Mipcom Globoplay Title ‘The Others’ Broken Down By Lucas Paraízo 

A violent courtyard scuffle between teens roils into a string of increasingly devious and vengeful acts perpetrated by their parents in creator Lucas Paraízo’s “The Others.” Slated to screen at this week’s Mipcom market in Cannes, the Globoplay original series tackles masculinity and miscommunication with urgency.

Paraízo, whose prior medical drama “Under Pressure” sold to more than 60 countries, expressed an interest in breaking down the intricacies surrounding the frail state of human connection and points to intolerance for a lack of constructive everyday dialogue.

“The series brought this idea to a scenario in which neighbors don’t know how to live with differences and are unable to accept the view of the ‘other.’ In that sense, I consider the series to be quite universal. We all live surrounded by neighbors anywhere in the world, but we’re increasingly less willing to dialogue and negotiate points of view,” Paraízo told Variety

“The consequences of this intolerance are everywhere and cause disagreements and, ultimately, even wars. What could be resolved with good communication turns into a spiral of anger and revenge.”

Directed by Luisa Lima (“Where My Heart Is”), the 12-episode narrative begins as Cibele, played by Adriana Esteves (“Brazil Avenue”), stands stoic and shocked-silent, going through the motions to secure the safety of her family. She winds through her condominium building, her injured son Marcinho (Antonio Haddad) in tow. The suspense is palpable as she finally arrives at a neighbor’s apartment for a clandestine meeting to purchase a gun. The hour-long episode flashes back to reveal the brawl at the core of the madness, and we see each set of parents try to cope with the initial threat and its aftershock. Due to their stagnant views and a healthy dose of pride, tensions escalate to absurd proportions.

Adults meant to act as role models for generations growing up in their shadow find themselves reduced to desperate tactics in the face of conflict and the mounting turmoil the world thrusts upon them.

“Children and adolescents are inevitably the result of their parents’ upbringing and behavior. The problem is that fewer and fewer of these parents are prepared to set themselves as examples. This happens not just because of neglect but because of the oppression that families suffer to survive,” Paraízo relayed. 

“Most families around the world are in debt and work overtime to survive. In the series, both families are reflections of this. Parents are tired and impatient; their dreams were shipwrecked. The majority live frustrated in a world without opportunities for everyone, and naturally, their children suffer the consequences of this discomfort,” he added.

Throughout the series, masculinity is dissected as the boys and the men in their lives represent all sides of traditional and modern values. On the surface Marcinho and his father Amâncio (Thomás Aquino) are softer yet lack conviction, while Rogerio (Paulo Mendes) and his father Wando (Milhem Cortaz) demonstrate tough love, a bit macho and reactionary.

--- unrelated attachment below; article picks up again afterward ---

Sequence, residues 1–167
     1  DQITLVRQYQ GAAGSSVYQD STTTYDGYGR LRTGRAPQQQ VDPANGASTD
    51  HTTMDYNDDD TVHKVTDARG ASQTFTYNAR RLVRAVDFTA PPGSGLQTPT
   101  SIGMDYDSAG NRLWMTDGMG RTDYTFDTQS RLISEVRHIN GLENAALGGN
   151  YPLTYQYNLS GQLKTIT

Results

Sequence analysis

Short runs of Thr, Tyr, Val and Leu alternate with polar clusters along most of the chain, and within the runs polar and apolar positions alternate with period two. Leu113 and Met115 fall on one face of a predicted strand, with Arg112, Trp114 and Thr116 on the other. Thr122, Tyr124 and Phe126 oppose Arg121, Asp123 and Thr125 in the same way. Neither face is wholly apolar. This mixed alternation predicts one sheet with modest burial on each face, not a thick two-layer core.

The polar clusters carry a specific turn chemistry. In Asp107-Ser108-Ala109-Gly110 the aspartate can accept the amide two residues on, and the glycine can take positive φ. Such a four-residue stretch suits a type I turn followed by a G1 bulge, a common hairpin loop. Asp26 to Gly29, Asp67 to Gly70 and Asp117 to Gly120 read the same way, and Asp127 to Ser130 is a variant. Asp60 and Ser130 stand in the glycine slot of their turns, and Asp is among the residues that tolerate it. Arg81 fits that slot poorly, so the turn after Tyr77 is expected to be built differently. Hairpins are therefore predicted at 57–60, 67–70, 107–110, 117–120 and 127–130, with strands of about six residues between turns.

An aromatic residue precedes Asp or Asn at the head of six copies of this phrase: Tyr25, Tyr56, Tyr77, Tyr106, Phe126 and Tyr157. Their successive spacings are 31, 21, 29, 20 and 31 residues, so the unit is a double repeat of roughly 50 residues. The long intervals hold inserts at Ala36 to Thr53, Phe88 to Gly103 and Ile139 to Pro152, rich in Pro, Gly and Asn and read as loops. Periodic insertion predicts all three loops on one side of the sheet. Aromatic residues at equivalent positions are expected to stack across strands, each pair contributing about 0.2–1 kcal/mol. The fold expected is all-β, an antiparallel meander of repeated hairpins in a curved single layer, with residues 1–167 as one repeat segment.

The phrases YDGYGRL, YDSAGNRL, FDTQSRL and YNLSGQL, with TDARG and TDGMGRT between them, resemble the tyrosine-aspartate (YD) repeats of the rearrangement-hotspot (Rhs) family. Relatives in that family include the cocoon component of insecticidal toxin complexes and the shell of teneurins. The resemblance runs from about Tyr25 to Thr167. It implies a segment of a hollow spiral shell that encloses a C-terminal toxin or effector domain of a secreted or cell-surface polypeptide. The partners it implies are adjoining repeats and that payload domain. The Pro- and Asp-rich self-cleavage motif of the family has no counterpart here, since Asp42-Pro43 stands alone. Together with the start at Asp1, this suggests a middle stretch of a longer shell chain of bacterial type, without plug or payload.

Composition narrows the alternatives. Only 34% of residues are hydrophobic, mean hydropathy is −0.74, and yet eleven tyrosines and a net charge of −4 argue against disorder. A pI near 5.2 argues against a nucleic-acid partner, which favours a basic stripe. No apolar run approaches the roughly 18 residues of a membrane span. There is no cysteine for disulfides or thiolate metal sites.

The Others
Credit: Paulo Belote

“The crisis of masculinity is one of the main themes of the series. On one hand, we have an aggressive and sexist father, Wando, on the other we have Amâncio, who tries to dialogue without much success. Both are stereotypes of masculinity,” Paraízo explained.  

Adding, “As the series progresses, there’ll be many escape points and twists that will bring layers to these two men and their children. Rogério will reveal himself to be the result of a brute creation but will be the victim of a tragedy. While Marcinho will try to look for an example far from his father to be able to be free and live his desires without so much control. 

“In ‘The Others’ nothing is what it seems. All the characters go through transformations. The ones that you hate at first, in the end, at the very least, you empathize with them and see their reasons.”

Cibele and Mila, played by Maeve Jinkings (so good in “Toll”), also topple stereotypes and serve to drive the show into relatable territory, the narrative and character arcs providing a mirror towards the broad audience and provoking a discussion on the collective way we deal with trauma, emotion and rage.

We are ‘The Others.’ The series brings to light a conflict between two teenagers that could be resolved by their parents if they knew how to control their emotions and talk to each other,” Paraízo stated. 

“I think we live in a world today, post-pandemic, and with the rise of extremist movements that puts people in extreme and opposite situations. The ‘other’ is no longer seen as someone who can be supportive. The simple fact that we are different already becomes a threat. The series aims to raise awareness about the consequences of this non-acceptance and provoke the public to identify themselves and rethink their actions.”

The series, nominated for the Venice TV Award and among the most watched series in the Brazilian TV giant’s history, begins filming its second season this month and promises to pick up in the same condominium complex audiences have become absorbingly acquainted with.

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